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    Extreme levels of Canadian wildfire smoke in the stratosphere over central Europe on 21-22 August 2017
    (Katlenburg-Lindau : EGU, 2018) Ansmann, Albert; Baars, Holger; Chudnovsky, Alexandra; Mattis, Ina; Veselovskii, Igor; Haarig, Moritz; Seifert, Patric; Engelmann, Ronny; Wandinger, Ulla
    Light extinction coefficients of 500 Mm1, about 20 times higher than after the Pinatubo volcanic eruptions in 1991, were observed by European Aerosol Research Lidar Network (EARLINET) lidars in the stratosphere over central Europe on 21-22 August 2017. Pronounced smoke layers with a 1-2 km vertical extent were found 2-5 km above the local tropopause. Optically dense layers of Canadian wildfire smoke reached central Europe 10 days after their injection into the upper troposphere and lower stratosphere which was caused by rather strong pyrocumulonimbus activity over western Canada. The smoke-related aerosol optical thickness (AOT) identified by lidar was close to 1.0 at 532 nm over Leipzig during the noon hours on 22 August 2017. Smoke particles were found throughout the free troposphere (AOT of 0.3) and in the pronounced 2 km thick stratospheric smoke layer at an altitude of 14-16 km (AOT of 0.6). The lidar observations indicated peak mass concentrations of 70-100 μgm-3 in the stratosphere. In addition to the lidar profiles, we analyzed Moderate Resolution Imaging Spectroradiometer (MODIS) fire radiative power (FRP) over Canada, and the distribution of MODIS AOT and Ozone Monitoring Instrument (OMI) aerosol index across the North Atlantic. These instruments showed a similar pattern and a clear link between the western Canadian fires and the aerosol load over Europe. In this paper, we also present Aerosol Robotic Network (AERONET) sun photometer observations, compare photometer and lidar-derived AOT, and discuss an obvious bias (the smoke AOT is too low) in the photometer observations. Finally, we compare the strength of this recordbreaking smoke event (in terms of the particle extinction coefficient and AOT) with major and moderate volcanic events observed over the northern midlatitudes.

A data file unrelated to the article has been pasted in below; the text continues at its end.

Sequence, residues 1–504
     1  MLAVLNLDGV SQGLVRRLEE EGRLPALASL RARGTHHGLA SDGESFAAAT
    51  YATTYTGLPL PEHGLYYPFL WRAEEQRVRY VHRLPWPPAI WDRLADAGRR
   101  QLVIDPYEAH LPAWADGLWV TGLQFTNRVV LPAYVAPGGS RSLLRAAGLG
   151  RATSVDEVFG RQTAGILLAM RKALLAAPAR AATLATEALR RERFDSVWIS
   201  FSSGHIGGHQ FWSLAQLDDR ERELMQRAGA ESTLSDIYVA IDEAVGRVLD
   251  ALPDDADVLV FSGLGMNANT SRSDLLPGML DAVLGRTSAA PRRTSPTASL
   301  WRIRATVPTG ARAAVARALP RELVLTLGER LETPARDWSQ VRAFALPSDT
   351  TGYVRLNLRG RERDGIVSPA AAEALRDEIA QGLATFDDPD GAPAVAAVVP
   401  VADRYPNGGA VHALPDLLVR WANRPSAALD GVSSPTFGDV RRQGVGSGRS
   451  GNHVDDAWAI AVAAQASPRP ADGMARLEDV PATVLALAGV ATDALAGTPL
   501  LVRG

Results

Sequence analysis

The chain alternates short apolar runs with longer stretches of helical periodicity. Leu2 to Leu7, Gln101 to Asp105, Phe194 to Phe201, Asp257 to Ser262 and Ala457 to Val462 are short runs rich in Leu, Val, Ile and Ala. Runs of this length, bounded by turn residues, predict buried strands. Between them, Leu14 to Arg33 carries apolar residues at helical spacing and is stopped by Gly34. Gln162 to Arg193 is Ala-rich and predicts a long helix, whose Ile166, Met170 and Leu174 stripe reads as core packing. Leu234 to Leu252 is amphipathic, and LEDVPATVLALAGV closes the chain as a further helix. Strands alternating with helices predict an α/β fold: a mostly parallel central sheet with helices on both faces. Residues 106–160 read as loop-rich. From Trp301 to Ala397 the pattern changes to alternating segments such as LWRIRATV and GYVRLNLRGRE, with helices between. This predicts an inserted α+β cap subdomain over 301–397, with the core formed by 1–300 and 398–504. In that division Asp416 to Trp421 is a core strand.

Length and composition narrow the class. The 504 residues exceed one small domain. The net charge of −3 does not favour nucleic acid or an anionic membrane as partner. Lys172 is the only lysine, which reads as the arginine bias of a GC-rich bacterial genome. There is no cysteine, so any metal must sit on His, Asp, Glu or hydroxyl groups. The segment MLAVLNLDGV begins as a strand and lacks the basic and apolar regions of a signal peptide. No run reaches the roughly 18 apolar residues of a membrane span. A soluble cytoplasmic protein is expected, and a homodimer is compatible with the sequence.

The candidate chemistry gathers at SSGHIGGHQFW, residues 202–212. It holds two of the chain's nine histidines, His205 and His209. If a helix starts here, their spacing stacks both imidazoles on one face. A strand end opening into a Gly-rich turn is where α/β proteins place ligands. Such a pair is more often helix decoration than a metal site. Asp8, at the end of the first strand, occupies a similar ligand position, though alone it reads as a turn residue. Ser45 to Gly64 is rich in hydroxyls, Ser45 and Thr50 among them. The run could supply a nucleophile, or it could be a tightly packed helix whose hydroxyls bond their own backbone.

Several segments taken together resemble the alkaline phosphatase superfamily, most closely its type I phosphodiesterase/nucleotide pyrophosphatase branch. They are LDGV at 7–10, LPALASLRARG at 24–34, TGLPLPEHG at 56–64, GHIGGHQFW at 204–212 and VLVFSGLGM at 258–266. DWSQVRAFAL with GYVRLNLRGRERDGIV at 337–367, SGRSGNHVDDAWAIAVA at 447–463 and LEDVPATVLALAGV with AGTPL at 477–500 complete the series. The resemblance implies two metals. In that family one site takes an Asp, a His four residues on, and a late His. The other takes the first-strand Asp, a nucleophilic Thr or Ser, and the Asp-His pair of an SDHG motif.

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    Secondary organic aerosol (SOA) yields from NO3 radical + isoprene based on nighttime aircraft power plant plume transects
    (Katlenburg-Lindau : EGU, 2018) Fry, Juliane L.; Brown, Steven S.; Middlebrook, Ann M.; Edwards, Peter M.; Campuzano-Jost, Pedro; Day, Douglas A.; Jimenez, José L.; Allen, Hannah M.; Ryerson, Thomas B.; Pollack, Ilana; Graus, Martin; Warneke, Carsten; de Gouw, Joost A.; Brock, Charles A.; Gilman, Jessica; Lerner, Brian M.; Dubé, William P.; Liao, Jin; Welti, André
    Nighttime reaction of nitrate radicals (NO3) with biogenic volatile organic compounds (BVOC) has been proposed as a potentially important but also highly uncertain source of secondary organic aerosol (SOA). The southeastern United States has both high BVOC and nitrogen oxide (NOx) emissions, resulting in a large model-predicted NO3-BVOC source of SOA. Coal-fired power plants in this region constitute substantial NOx emissions point sources into a nighttime atmosphere characterized by high regionally widespread concentrations of isoprene. In this paper, we exploit nighttime aircraft observations of these power plant plumes, in which NO3 radicals rapidly remove isoprene, to obtain field-based estimates of the secondary organic aerosol yield from NO3 + isoprene. Observed in-plume increases in nitrate aerosol are consistent with organic nitrate aerosol production from NO3 + isoprene, and these are used to determine molar SOA yields, for which the average over nine plumes is 9 % (±5 %). Corresponding mass yields depend on the assumed molecular formula for isoprene-NO3-SOA, but the average over nine plumes is 27 % (±14 %), on average larger than those previously measured in chamber studies (12 %-14 % mass yield as ΔOA / ΔVOC after oxidation of both double bonds). Yields are larger for longer plume ages. This suggests that ambient aging processes lead more effectively to condensable material than typical chamber conditions allow. We discuss potential mechanistic explanations for this difference, including longer ambient peroxy radical lifetimes and heterogeneous reactions of NO3-isoprene gas phase products. More in-depth studies are needed to better understand the aerosol yield and oxidation mechanism of NO3 radical + isoprene, a coupled anthropogenic-biogenic source of SOA that may be regionally significant.